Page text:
Good English is considered synonymous with writing difficult words and complex sentences. Good writing is good thinking. We have encouraged only a certain class of writers, but how about those readers who can’t understand difficult words. It is no longer possible to ignore the elephant in the room. There is still an opportunity, there are so many genres like horror, children, where there are still not many books. Young people are tired of videos. They want books, easy books which they can understand without much effort. There is a certain joy in reading which a video or a film wouldn’t give.
SOM: What’s your advice for those authors who would like to be in your shoes?
Chetan Bhagat: Why would anyone want to be in my shoes? Be yourself. I didn’t want to be another Arundhati Roy or Salman Rushdie. Tomorrow’s authors would be different, it wouldn’t just be about writing books. It would be about videos, blogs and much more.
SOM: You’re an actor, columnist, motivational speaker, writer and even a reality show judge? Which role do you like the most?
Chetan Bhagat: I like them all. I enjoyed acting (acted in ‘Decoupled’). It was fun but no one hires me now. It’s great to experience many things in life.
SOM: Do you get time to read?
Chetan Bhagat: I force myself to read at least one book a month. Currently I am reading a book on neuroscience titled ‘The Molecular Mode’ which talks about the brain circuit, how it works, why some people are self-motivated and some are not. Reading is important for writers. It’s a craft which they need to polish constantly. Reading keeps you in that zone. On the other hand, there is no creativity in watching reels. It rusts your brain.
SOM: Do you think it is easier for authors from metros to make it big when compared to those in small towns like Mysuru?
Chetan Bhagat: In times of social media, location doesn’t matter. The author has to carry the publicity burden on himself. Even big publishers wouldn’t promote the book for you. When I wrote my first book, its review was published in ‘India Today’, which was a huge thing but these days it doesn’t matter as much. It matters more if a social media influencer covers you. You can be in Mysuru or anywhere else and you can still be successful. The mindset has to change, every business has to have an online strategy. Every writer has to have an online presence. Learning the ropes on social media is a different skill but you have no choice but to do it.
SOM: What’s the typical day in the life of Chetan Bhagat?
Chetan Bhagat: I love my two hours of morning coffee time when I think a lot about how I can improve myself. It needn’t be anything big, just small but significant things, followed by writing, any admin work, paying taxes, kids and family time. Family support matters but ultimately you are on your own. Your journey is your own, that’s why in Vedas they talk about detachment. Don’t count on anyone’s support.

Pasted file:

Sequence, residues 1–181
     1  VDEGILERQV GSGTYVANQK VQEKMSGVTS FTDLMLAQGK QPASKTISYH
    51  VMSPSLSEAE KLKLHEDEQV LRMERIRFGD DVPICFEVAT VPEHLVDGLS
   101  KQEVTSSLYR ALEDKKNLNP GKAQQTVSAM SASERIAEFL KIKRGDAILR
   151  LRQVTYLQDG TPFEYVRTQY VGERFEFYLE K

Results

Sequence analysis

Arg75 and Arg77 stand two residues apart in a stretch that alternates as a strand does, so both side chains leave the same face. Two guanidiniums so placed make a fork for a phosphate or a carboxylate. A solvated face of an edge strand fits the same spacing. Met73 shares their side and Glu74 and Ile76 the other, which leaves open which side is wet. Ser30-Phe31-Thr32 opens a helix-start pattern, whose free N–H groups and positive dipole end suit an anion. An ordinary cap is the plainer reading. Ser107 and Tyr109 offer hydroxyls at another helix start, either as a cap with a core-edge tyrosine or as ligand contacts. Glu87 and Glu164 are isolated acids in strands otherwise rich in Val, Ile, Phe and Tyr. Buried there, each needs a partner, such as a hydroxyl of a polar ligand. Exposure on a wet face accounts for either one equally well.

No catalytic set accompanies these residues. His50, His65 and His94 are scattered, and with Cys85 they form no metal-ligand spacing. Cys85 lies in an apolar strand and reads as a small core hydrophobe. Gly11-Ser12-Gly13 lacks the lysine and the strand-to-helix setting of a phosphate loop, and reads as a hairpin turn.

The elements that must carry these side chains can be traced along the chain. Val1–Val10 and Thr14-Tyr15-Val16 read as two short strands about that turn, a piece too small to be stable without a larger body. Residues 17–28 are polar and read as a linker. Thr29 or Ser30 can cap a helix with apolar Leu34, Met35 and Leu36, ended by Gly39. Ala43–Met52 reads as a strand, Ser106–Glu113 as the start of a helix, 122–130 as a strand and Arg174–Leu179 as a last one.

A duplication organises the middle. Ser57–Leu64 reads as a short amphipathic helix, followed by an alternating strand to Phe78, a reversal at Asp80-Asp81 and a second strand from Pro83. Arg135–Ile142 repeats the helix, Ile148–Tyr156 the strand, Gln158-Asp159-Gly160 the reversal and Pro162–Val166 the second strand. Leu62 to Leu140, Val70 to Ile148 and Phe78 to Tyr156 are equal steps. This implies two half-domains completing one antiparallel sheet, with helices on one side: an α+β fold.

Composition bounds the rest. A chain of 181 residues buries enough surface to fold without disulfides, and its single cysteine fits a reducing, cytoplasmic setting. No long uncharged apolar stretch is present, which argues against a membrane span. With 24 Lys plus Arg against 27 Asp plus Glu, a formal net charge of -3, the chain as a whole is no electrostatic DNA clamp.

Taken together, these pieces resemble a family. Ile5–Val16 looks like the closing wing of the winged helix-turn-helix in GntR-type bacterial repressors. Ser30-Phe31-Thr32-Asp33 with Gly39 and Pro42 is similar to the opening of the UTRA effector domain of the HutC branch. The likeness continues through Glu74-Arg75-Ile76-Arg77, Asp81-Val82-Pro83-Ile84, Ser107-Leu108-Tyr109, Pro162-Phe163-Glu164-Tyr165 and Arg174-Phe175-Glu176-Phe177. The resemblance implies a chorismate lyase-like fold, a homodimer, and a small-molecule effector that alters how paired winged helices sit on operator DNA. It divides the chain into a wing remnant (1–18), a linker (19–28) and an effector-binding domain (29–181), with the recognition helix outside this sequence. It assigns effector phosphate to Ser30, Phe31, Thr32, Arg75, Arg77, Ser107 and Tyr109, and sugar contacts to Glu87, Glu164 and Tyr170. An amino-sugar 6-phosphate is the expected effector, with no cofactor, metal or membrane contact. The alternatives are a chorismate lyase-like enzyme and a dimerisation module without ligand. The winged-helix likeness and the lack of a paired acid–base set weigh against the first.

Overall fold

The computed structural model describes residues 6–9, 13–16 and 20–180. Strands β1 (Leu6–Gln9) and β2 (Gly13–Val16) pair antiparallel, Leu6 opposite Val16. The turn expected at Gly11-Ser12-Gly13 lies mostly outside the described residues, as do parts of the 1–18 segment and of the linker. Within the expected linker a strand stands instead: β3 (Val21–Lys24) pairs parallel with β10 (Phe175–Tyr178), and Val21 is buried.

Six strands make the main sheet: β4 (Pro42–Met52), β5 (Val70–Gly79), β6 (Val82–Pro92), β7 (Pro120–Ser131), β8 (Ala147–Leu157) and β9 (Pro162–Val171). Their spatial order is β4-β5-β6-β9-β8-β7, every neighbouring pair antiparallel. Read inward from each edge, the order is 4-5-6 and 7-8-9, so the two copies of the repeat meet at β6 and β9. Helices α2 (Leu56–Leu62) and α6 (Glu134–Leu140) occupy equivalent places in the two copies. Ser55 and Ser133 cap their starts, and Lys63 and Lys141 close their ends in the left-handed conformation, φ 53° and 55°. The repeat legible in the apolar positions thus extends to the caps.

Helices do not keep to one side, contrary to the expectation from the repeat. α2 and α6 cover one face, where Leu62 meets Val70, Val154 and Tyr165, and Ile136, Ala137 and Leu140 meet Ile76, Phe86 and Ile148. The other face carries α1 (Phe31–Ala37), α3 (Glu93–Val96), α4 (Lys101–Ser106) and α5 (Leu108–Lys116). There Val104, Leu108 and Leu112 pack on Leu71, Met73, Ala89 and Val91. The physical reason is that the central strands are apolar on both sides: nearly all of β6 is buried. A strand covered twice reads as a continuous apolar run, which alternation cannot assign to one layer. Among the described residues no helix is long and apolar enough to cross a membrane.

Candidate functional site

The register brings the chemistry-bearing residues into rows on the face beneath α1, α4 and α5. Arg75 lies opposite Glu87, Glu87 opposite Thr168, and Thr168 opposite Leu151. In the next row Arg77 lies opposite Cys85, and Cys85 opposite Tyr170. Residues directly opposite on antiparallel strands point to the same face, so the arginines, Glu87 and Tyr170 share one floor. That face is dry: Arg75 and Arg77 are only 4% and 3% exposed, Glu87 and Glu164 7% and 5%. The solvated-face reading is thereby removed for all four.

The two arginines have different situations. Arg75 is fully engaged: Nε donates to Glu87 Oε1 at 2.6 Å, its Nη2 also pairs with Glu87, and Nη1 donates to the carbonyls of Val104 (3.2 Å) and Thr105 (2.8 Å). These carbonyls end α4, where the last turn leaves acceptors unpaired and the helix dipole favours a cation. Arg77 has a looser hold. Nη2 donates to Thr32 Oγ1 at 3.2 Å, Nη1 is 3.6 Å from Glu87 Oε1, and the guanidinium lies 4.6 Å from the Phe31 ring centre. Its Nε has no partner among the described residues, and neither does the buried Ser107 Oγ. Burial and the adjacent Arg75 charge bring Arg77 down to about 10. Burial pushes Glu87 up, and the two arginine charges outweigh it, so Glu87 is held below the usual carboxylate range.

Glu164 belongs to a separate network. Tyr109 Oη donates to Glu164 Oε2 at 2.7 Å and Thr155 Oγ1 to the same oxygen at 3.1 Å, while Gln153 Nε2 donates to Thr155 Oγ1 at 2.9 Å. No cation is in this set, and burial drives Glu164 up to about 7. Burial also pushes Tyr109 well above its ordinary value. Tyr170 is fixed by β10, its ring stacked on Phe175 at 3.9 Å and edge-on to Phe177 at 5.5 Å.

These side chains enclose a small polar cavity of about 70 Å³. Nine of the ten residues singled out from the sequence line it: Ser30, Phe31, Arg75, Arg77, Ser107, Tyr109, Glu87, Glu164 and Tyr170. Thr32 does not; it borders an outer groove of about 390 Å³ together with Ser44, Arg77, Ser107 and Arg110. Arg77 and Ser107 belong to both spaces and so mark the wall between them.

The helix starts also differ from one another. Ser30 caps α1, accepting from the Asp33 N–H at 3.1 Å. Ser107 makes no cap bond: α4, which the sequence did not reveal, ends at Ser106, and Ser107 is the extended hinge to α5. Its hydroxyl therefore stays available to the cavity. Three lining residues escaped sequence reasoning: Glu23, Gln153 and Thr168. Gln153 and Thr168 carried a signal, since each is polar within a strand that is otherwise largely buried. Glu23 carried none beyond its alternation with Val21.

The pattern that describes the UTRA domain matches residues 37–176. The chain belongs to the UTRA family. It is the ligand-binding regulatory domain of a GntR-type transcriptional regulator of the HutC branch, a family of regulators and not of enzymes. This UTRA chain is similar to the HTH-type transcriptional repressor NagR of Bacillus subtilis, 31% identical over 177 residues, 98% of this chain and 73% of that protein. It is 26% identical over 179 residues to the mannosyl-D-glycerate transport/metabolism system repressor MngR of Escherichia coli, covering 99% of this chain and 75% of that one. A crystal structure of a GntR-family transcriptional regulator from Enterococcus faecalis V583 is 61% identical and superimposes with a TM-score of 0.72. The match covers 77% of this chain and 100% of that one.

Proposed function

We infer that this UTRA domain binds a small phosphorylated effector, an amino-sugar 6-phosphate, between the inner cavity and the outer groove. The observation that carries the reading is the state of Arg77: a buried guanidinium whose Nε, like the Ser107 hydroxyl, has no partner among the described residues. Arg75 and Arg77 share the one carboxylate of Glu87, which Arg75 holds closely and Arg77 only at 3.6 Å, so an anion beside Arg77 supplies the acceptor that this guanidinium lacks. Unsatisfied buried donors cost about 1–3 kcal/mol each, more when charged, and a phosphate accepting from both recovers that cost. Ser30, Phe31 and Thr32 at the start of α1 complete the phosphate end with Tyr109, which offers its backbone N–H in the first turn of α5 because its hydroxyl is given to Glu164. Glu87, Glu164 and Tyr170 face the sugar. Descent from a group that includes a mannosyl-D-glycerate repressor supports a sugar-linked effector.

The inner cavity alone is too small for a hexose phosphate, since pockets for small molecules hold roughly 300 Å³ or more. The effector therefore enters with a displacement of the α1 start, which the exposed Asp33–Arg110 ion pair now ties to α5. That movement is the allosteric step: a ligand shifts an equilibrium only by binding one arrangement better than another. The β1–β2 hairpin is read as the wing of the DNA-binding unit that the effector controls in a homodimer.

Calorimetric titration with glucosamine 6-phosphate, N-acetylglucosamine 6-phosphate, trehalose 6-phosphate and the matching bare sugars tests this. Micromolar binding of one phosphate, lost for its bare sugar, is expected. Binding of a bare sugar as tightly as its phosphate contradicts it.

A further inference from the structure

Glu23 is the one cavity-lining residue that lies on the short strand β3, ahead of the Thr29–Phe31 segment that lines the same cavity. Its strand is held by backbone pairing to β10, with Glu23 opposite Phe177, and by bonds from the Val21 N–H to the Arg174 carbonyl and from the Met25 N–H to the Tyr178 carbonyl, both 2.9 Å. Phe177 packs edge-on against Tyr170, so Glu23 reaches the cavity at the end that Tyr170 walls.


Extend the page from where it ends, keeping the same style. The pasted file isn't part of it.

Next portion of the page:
SOM: You are surrounded by controversies. Do they come to you on their own or you invite them?
Chetan Bhagat: Not always. Earlier I used to comment about politics but I have cut that too. Politics is bad, one should never talk about politics or even religion. People are sensitive about these two subjects.
SOM: Would you join politics?
Chetan Bhagat: Once upon a time politics interested me and I wanted to join but not now. Change attracts me and joining politics is one way of changing your country but it’s too much hard work. Politicians in India work 24×7, have zero privacy and zero family life. Shashi Tharoor once told me he attended eight weddings in a day. Even if he would go only for five minutes, he has to show his face. Apart from this, there is Constituency and Parliament work.
SOM: From where do you get ideas for your novels and is it easy to be a published author these days?
Chetan Bhagat: Through my travels. In addition, I post motivating videos and read the comments about failure, heart breaks which gives me a base and good material for my stories. These are tough times for authors, it’s difficult to get traditionally published these days but e-books, self-publishing, blogging, insta posts are opening many avenues for authors to get published. So why limit it to books?
SOM: Are you a pantser or a plotter?
Chetan Bhagat: I am a plotter, especially for thrillers and mystery novels, you have to have the entire plot ready though it looks organic. Sometimes the story changes as I go along.
SOM: Who is your favourite author?
Chetan Bhagat: I love R.K. Narayan’s books. I would surely pass by his museum and take pictures. I have a flat in Mumbai that can even be made into a museum.
SOM: Who is the real Chetan Bhagat?
Chetan Bhagat: I like to constantly work on my internal growth. I have many friends who are super rich but they are not necessarily happy. People have external growth like accumulating wealth, earning titles but they fail to work on their internal wealth which is very important for happiness.